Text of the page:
Few people realize that Eckstein and The Fellowship have done an unprecedented good deed in bridging an ancient cultural gap. Renowned journalist Zev Chafets explores Ecksteinand#8217;s role in this important interfaith evolution, showing how an American rabbi made major progress in promoting dialogue, cooperation, and mutual respect in the face of harsh and unrelenting opposition.
The perfect gift book for graduatesa treasury of commencement speeches by leading conservatives.
Graduates of Americas colleges and universities are usually subjected to commencement addresses by liberals, often much to their dismay and that of their parents. But now Zev Chafets has compiled the first collection of great commencement addresses by prominent conservative leaders and thinkers. Here are inspiring and eloquent messages to young men and women about faith and freedom, hard work and community, Americas role in the world, and what it takes to thrive in todays culture.
This unique volume includes speeches by President George W. Bush; Supreme Court Justices Scalia, Kennedy, and Thomas; Rush Limbaugh; Roger Ailes; Condoleezza Rice; Congressman Paul Ryan; General David Petraeus; Dr. Francis Collins; Alan Greenspan; Brit Hume; Bret Stephens; Senator Rand Paul; P.J. ORourke; Mortimer Zuckerman; Victor Davis Hanson; Juan Williams; Judge Richard Posner; Ambassador Michael Oren; Senator John McCain; and many others.
The definitive biography of Jack Kemp, and why his legacy matters to todayand#8217;s GOP.
As todayand#8217;s Republicans struggle to broaden their base and promote reform, some are reviving the legacy of Jack Kemp, one of the most important Republicans of the 1970s, 80s, and 90s.
Kemp approached politics the same way he played quarterback for the Bills: with a refusal to accept defeat. Yet he was also willing to compromise to get things done, and his commitment to the working class and minorities attracted voters who usually rejected the GOP. He was instrumental in helping Ronald Reagan create an era of sustained and widespread prosperity.
Drawing on never-published papers and the Kemp oral history project, noted journalists Morton Kondracke and Fred Barnes trace Kempand#8217;s whole life, from his childhood through his pro football career to his unusually influential years as congressman and cabinet secretary. Despite many ups and downs, including failed presidential and vice presidential bids, Kemp proved that a and#147;bleeding-heart conservativeand#8221; could redefine what was possible in American politics.
The perfect gift for graduates forty commencement addresses about liberty, patriotism, tradition, and other conservative themes that are rarely heard on campus.
The college graduation speech has become another casualty of our age of political correctness. Historically, universities are supposed to be strongholds of tolerance, where any idea can be discussed--and tested rigorously to see if it has merit. Students should benefit from free expression and diversity of opinions, about current events and eternal questions alike.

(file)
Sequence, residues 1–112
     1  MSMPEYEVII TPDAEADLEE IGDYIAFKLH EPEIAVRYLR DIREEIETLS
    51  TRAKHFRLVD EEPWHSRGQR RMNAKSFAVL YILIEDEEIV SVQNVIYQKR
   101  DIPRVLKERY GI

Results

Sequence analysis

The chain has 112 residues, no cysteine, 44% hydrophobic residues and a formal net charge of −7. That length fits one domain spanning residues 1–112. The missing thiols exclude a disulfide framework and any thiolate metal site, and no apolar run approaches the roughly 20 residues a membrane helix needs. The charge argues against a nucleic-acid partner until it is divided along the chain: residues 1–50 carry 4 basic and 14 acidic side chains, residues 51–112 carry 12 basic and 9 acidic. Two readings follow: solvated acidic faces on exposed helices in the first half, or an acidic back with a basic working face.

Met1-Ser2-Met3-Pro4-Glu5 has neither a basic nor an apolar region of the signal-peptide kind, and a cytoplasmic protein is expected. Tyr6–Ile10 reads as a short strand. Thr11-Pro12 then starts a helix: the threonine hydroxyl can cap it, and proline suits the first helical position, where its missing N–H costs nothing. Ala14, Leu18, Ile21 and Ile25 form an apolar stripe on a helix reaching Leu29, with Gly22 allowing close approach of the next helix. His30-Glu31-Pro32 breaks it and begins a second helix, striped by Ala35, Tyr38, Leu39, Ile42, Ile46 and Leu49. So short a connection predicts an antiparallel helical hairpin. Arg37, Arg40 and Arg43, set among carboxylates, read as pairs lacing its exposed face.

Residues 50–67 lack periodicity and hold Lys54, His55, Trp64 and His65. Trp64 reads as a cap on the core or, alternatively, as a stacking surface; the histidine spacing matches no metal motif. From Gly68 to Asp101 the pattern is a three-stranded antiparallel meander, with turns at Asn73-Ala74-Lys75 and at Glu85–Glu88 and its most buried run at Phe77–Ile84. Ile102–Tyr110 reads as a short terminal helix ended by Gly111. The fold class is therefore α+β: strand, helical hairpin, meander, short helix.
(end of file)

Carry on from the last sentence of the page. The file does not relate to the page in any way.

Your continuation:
But today, certain positions are considered too controversial for the fragile ears of liberal students, and for administrators who usually surrender to their demands. Its no longer unusual when a U.S. Senator like Ted Cruz, a pioneering neurosurgeon like Ben Carson, a Supreme Court Justice like Antonin Scalia, or a human rights advocate like Ayaan Hirsi Ali faces protests, disrespectful shouting, or petitions to have his or her invitation revoked.
Fortunately, Remembering Who We Are collects the commencement wisdom of a wide range of thinkers who are willing to challenge the liberal consensus on campus. Editor Zev Chafets has brought together a diverse group of speakers from many walks of life, from playwright David Mamet to Ambassador Ryan Crocker, from Governor Bobby Jindal to humorist PJ ORourke. For example, youll find in these pages:
- Do Your Best to Be Your Best” by Supreme Court Justice Clarence Thomas
- Gridlock, An American Achievement” by columnist George F. Will
- We Have Something Wonderful” by novelist Marilynne Robinson
- The Art of the Entrepreneur” by business leader Mort Zuckerman
- Restore and Remake Our Country” by historian Victor Davis Hanson
Too many students now enter the real world after being taught that patriotism is misguided, that religious faith is for the foolish, and that free enterprise is unfair. The eloquent speeches in this collection will help them grasp the truth that America is flawed but fundamentally good; that faith can have intellectual depth; that capitalism is the worlds greatest force for fighting poverty; and much more.
About the Author
has been a journalist for nearly fifty years, including service as a regular commentator for the Fox News Channel, a panelist on The McLaughlin Group
, co-host of The Beltway Boys
, executive editor of The New Republic
, columnist for The Wall Street Journal
, and executive editor for Roll Call
. His book Saving Milly
was a New York Times
FRED BARNES is co-founder and executive editor of The Weekly Standard and a regular commentator for Special Report with Bret Baier on Fox News Channel. He has previously reported and edited for The New Republic and co-hosted The Beltway Boys, among many other print and television journalism positions.